In the suburbs, where control of Congress is likely to be decided, 54 percent of voters say abortion should be legal, compared to 42 percent who say it should be illegal, the poll found. College-educated white voters favor abortion rights by 60 percent to 37 percent.
“The Democrats need things to shake up the midterms in order to buck a lot of historical trends working against them. This could certainly be that,” said former House campaign operative Tyler Law, a Democratic consultant, who posited that abortion rights could “halt gains Republicans hope to make in higher-educated, suburban areas.”
Democrats’ Senate campaign arm said the Supreme Court’s tacit approval of Texas’ law is “a powerful reminder of the stakes in next year’s election-- and why we must defend a Democratic Senate majority with the power to confirm or reject Supreme Court justices.”
The chair of the House Democratic campaign committee, Rep. Sean Patrick Maloney of New York, vowed to fight “from now until Election Day to make sure that the House Republicans who are coming for reproductive rights lose their seats in 2022.”
Democrats hear Texas abortion restrictions as a rallying cry for the left. Meanwhile, the GOP’s House and Senate campaign committees didn’t weigh in on the Texas law or the court’s quiet greenlighting of it Wednesday.
Republican strategist Matt Gorman, who was communications director for the party’s House campaign arm in 2018, said it’s “too early to tell” what the issue means for 2022 races.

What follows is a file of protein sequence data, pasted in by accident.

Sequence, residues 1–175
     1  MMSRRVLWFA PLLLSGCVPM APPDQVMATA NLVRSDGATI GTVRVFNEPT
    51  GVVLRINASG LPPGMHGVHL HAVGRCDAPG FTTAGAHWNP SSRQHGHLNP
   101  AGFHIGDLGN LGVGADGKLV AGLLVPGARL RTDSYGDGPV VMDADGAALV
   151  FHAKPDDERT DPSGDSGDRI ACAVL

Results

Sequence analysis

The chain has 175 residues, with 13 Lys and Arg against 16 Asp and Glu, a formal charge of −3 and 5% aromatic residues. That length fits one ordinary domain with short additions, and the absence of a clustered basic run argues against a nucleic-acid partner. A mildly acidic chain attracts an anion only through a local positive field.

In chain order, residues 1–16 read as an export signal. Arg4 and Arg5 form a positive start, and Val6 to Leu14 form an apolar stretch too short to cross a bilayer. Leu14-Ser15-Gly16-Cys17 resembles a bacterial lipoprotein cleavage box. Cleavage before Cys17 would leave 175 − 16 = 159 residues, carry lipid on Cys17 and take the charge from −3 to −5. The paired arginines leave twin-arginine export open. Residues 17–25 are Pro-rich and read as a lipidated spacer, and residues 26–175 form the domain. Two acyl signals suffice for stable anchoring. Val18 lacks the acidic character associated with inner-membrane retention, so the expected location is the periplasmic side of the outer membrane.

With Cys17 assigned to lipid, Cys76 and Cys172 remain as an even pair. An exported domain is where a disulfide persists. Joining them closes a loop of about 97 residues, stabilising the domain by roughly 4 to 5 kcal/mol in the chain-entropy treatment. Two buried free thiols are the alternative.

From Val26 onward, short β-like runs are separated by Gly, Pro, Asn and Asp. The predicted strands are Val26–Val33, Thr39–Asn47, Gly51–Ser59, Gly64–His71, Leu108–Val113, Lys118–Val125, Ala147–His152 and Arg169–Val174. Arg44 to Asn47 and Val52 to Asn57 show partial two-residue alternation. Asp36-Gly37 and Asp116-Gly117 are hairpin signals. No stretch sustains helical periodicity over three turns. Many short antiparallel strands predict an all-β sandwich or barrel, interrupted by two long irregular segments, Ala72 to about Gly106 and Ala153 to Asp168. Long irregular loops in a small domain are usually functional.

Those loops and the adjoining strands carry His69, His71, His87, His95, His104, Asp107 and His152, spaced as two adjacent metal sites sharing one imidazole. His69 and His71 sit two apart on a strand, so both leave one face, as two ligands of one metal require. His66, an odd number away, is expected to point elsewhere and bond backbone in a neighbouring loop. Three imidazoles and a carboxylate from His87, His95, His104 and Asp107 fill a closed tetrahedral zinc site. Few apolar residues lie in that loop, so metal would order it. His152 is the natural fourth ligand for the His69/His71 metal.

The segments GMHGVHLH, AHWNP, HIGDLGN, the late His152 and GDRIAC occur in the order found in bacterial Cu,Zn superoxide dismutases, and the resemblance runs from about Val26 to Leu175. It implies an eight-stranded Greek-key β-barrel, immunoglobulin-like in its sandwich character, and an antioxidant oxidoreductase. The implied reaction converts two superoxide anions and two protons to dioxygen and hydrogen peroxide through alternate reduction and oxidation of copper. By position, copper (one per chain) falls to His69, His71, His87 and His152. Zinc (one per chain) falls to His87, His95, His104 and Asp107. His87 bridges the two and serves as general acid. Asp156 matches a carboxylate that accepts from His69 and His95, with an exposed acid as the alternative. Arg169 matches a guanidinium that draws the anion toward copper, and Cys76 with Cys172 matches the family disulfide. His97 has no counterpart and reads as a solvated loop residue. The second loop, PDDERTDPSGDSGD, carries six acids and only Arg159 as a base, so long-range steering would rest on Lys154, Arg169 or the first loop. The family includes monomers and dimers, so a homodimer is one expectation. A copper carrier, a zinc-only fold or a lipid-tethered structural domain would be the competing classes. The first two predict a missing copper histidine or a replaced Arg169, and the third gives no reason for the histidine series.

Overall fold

“There’s a chance it fades and is a peripheral issue. There’s a chance it animates women and liberals,” he said. “The key is that Republicans will be asked their stance and whether they agree or disagree. They need to be ready.”
And Republicans are looking to recapture the suburbs after having watched them drift away during Trump’s presidency.
“The state politics matter greatly for the future of abortion rights,” said Wilson, the political scientist. “Because if the Supreme Court begins to erode or dismantle abortion protections in a meaningful way, then that just puts more pressure on to the states to act.”

Alan Grayson, the outspoken progressive running for the Florida Senate seat held by anti-Choice fanatic Marco Rubio, reached out to his supporters yesterday and wrote that "It took almost 50 years, but now it’s happening. Texas has banned abortion after six weeks of pregnancy-- when many women don’t even know that they’re pregnant-- and is giving a $10,000 bounty to anyone who reports an illegal abortion. (Wouldn’t it be nice if Texas gave a $10,000 reward to anyone who reports an illegal weapon?) Seven million Texas women of childbearing age will have to leave the state to get an abortion-- an average five-hour drive. And what happens when the neighboring states do the same thing? SHAME on the Texas GOP, voting to ban abortion. The right to decide what to do with your body is the most fundamental right of all. No one should be forced through pregnancy and childbirth.Your time is running out. Now what are we going to do about it? Here’s what I’m going to do-- if I’m elected to the Senate, I will try to amend Obamacare to add A FEDERAL RIGHT TO ABORTION (which, honestly, should have been in there in the first place, but anti-choice Democrats kept it out). We could pass it via reconciliation and it would kill off all of these state bills, because of the Supremacy Clause in the Constitution."